Chief financial officers are slightly more optimistic about employment growth in the U.S. for the next year than they were last quarter, according to a recent survey.
Respondents to the latest quarterly Duke/CFO Magazine Global Outlook survey expect U.S. employment to increase by 1.5% over the next year, up from 0.9% they predicted last quarter. At that rate, national unemployment sh ould decrease to near 8% by the end of 2012.
"It's certainly a move in the right direction," said Kate O'Sullivan, senior editor at CFO Magazine. "It's not a huge shift, but people are looking for any sort of positive sign at this point."
It's a move in the right direction.”
The survey polled 1,050 CFOs from global public and private companies across a broad range of industries about their expectations for the economy.
Adding further to optimism on jobs expressed in the Duke/CFO survey, the U.S. Labor Department reported that initial jobless claims fell by 19,000 to 366,000 last week, the fewest since May 2008. The number of claims was lower than most economists had projected.
CFOs are slightly more optimistic about the U.S. economy than that in Europe and have plans to increase capital, technology and marketing spending, O'Sullivan said.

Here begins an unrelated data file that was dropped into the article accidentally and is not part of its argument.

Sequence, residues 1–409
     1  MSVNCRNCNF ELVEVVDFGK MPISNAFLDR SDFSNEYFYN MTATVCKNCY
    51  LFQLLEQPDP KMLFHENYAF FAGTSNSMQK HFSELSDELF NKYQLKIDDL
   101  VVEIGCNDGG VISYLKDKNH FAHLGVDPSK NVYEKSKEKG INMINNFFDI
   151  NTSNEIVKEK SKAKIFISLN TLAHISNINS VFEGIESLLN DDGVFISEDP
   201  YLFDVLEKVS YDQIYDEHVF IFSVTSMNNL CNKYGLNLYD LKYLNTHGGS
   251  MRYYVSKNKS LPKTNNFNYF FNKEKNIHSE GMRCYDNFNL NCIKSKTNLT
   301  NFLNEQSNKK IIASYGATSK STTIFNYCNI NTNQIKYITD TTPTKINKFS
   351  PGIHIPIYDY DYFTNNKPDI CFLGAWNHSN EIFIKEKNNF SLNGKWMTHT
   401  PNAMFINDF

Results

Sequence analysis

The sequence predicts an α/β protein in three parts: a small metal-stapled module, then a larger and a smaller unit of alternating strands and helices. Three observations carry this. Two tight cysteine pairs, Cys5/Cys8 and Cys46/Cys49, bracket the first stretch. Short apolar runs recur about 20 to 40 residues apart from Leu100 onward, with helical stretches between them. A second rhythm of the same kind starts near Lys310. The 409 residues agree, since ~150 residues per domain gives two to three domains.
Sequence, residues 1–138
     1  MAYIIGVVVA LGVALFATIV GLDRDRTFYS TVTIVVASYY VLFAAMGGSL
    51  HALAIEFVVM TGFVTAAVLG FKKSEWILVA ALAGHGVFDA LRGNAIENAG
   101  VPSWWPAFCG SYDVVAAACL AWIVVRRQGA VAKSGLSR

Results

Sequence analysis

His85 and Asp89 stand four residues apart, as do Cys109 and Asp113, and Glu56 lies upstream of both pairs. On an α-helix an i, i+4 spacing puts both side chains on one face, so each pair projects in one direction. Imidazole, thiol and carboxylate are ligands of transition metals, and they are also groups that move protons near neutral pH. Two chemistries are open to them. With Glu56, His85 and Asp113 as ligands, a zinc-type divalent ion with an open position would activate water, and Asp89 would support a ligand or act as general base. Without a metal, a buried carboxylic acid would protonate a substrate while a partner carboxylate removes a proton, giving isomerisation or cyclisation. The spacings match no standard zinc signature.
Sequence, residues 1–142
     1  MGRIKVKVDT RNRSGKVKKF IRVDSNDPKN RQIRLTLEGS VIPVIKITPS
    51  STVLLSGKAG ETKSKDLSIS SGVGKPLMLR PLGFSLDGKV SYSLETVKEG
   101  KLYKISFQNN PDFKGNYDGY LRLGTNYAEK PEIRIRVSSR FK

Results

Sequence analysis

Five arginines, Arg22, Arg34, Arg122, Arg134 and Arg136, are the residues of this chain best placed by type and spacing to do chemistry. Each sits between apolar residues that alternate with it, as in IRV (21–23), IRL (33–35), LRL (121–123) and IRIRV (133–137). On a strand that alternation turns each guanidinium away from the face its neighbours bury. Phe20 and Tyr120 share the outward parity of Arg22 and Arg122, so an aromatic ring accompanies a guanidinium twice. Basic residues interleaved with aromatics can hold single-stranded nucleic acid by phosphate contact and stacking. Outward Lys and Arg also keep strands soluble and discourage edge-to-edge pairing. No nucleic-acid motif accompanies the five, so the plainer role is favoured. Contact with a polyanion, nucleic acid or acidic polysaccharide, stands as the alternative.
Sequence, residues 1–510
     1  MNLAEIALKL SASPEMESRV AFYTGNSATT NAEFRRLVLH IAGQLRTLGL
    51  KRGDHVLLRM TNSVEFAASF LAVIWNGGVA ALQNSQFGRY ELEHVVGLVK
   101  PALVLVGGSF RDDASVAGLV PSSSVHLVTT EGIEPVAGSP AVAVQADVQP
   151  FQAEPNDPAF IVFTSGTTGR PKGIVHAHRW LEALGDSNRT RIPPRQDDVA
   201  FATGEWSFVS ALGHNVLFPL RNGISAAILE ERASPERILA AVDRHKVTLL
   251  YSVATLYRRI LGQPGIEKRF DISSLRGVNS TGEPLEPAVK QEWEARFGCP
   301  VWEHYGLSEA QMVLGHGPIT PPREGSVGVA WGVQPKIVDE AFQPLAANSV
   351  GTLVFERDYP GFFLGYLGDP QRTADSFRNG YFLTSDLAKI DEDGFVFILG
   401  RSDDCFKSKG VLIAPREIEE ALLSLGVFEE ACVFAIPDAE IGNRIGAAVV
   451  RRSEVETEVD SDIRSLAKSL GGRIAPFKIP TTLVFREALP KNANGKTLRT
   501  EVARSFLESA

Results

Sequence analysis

Nearly 50% of CFOs in Europe say they expect their countries will enter a recession in the next six months, while 90% say the debt crisis has negatively affected their business. As a result, they don't expect employment to increase at all during the next 12 months.
CFOs expect employment to grow in Asia, but at a rate of 5%, two points less than the 7% expected last quarter. Still, the decrease shouldn't worry jobseekers too much.
"Expectations for growth in Asia are slowing a bit, which reflects general unease about the global economy, but some slowing is probably OK," O'Sullivan said. "The rate may be moderating but it's still healthy growth."
Write to Julie Steinberg at Julie.Steinberg@dowjones.com